Engagement in the Workplace

By Maggie Cely

At Plum Alley, we have long believed in the benefits of women founding and investing in companies. Now, there is evidence to say that women remaining in those companies as part of the leadership is beneficial for the bottom line.

“A highly engaged workforce means the difference between a company that thrives and one that struggles. When employees are engaged, they are passionate, creative, and entrepreneurial, and their enthusiasm fuels growth.”

Gallup’s article Q12 Employee Engagement concluded with this resounding statement on the correlation between engagement and financial growth. It makes sense – employees that receive acknowledgment for their triumphs, have open communication with their superiors, and are encouraged to grow are productive members of their team and, therefore, company.

One would presume that American companies would be partial to this variety of leadership to drive profits, encourage growth, and improve efficiency.

Statistically, the managers with the highest level of engagement are women; however, women only make up one-third of all workplace leadership roles in the U.S. Apparently, efficiency is no match for gender bias.

Entrepreneur magazine summarized findings from a series of Gallup studies regarding the state of managers and employees in the workplace, finding that women excelled at 11 of 12 categories of employee engagement over men. They broke down the information into 5 digestible ways women employ these engagement tactics to improve employee performance, number one being that women are generally more engaged themselves. Inspiring personnel development, offering regular feedback and praise, and an overall strong moral compass were additional reasons named.

Gallup also looked into who worked best under whom – does a male work most effectively under a man or woman?

It turns out that men and women varied most at engaging their own gender, yet the co-ed teams were relatively consistent. Men engaged their male employees at a rate of 25%, and females at a rate of 35% with female employees. These figures are a bit puzzling, given that the most engaged team dynamic, a female boss with female employees, is the least prevalent.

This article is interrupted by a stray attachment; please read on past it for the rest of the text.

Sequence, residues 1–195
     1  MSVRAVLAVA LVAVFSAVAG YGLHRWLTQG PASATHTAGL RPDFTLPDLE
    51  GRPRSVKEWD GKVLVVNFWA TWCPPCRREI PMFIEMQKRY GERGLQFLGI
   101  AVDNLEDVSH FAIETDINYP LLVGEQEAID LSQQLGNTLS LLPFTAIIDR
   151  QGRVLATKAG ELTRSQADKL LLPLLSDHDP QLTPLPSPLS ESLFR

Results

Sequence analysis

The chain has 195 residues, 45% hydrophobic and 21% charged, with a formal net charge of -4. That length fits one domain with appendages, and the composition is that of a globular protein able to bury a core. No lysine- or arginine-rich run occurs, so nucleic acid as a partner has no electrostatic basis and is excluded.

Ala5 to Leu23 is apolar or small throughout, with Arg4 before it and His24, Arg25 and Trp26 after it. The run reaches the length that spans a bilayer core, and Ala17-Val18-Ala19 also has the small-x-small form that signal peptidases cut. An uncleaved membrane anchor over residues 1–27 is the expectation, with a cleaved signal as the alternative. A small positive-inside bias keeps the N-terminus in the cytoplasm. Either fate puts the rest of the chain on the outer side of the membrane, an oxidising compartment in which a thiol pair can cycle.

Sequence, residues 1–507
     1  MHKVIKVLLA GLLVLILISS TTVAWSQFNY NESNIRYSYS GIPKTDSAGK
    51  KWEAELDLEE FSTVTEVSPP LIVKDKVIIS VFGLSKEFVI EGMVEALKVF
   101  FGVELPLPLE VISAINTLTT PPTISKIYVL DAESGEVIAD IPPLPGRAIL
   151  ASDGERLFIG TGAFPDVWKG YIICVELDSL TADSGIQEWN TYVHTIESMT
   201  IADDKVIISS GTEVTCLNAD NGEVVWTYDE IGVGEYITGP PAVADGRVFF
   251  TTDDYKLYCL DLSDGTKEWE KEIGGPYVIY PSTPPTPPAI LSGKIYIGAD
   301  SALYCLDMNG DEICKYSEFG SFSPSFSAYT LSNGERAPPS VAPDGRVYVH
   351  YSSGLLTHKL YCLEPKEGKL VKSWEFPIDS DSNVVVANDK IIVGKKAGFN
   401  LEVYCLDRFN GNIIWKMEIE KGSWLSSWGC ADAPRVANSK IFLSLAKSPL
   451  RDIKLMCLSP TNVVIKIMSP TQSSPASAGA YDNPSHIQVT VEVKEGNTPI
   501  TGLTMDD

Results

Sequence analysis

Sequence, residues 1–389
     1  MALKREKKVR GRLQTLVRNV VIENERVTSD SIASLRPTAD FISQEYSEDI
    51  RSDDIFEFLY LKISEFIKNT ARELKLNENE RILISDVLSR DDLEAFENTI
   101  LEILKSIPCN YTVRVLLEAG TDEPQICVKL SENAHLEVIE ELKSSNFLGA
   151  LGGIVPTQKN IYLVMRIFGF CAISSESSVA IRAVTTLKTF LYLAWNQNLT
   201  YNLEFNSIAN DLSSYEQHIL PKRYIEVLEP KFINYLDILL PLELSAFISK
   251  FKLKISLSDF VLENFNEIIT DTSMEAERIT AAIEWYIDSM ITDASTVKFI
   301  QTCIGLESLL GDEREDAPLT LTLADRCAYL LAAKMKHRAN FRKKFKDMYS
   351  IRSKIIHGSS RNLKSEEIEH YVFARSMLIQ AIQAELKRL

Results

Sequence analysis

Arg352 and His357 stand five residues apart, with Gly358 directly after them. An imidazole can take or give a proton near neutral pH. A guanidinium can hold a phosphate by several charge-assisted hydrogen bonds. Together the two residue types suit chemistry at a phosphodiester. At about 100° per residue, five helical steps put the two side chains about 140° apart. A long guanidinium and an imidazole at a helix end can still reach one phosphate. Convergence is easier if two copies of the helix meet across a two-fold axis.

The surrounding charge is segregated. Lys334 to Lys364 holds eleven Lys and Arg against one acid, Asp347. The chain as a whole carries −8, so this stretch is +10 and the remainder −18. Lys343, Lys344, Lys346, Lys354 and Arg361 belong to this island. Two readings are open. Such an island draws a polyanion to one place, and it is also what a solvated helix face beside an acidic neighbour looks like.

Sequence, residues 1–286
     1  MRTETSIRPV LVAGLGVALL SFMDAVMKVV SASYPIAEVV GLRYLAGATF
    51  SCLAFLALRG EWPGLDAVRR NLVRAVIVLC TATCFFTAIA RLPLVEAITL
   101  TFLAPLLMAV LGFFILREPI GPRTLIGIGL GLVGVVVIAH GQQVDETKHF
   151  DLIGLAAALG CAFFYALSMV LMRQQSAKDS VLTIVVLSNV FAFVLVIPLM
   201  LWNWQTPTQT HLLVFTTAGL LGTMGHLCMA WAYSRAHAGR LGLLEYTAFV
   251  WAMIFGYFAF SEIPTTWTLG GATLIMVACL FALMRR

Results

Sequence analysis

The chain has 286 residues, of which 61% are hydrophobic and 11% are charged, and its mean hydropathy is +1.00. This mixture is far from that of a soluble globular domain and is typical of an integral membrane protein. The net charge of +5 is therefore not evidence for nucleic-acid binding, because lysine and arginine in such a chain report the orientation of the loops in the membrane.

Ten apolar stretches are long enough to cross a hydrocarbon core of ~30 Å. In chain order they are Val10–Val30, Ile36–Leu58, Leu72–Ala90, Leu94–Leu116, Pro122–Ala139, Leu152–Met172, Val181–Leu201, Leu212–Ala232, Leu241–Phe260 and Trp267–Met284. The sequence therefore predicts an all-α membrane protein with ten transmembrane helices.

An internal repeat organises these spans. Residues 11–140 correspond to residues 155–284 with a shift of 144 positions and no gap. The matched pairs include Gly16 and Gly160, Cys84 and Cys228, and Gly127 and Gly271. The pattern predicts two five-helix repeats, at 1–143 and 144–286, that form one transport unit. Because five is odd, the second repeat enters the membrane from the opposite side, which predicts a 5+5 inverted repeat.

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Another strong note was the study of preference and how attitudes have changed over the past 60 years. In the 50’s, an overwhelming majority (two-thirds) of Americans preferred a male boss, 5% a female boss, and 25% claimed ambivalence. In 2014, one-third of Americans preferred a male boss, 20% preferred a female boss, and the majority (46%) had no preference.

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In regard to preference, working underneath a specific kind of human no more shows a gender bias than choosing to work at a startup shows a size prejudice. It’s merely preference, what works for you as an employee.

The major issue is that having a female boss is substantially less likely than having a male boss, so employees are forced to work within the confines of structural inequality that stems from promotional bias. In other words, you can have a preference, but you can’t really have a preference.

Notwithstanding these findings, progress is on the horizon. COO of Facebook Sheryl Sandberg just unveiled a training program to recognize and challenge unconscious bias in the workplace, beginning with her own team. Dozens of organizations that promote women in tech and other male-dominated industries are growing in popularity and prevalence (see Tech Ecosystem Infographic).

How do we continue the trajectory towards change? Literature on the subject alone is not enough to change perceptions. Rather, infusing women’s entrepreneurial ventures with capital, encouraging women to invest and to be involved in investment decisions, diversifying teams, and promoting staff with the credentials to perform and the ability to engage are imperative initiatives to change the landscape and stimulate growth, financial and otherwise.

Ecosystem Header

The Ecosystem for Female Entrepreneurs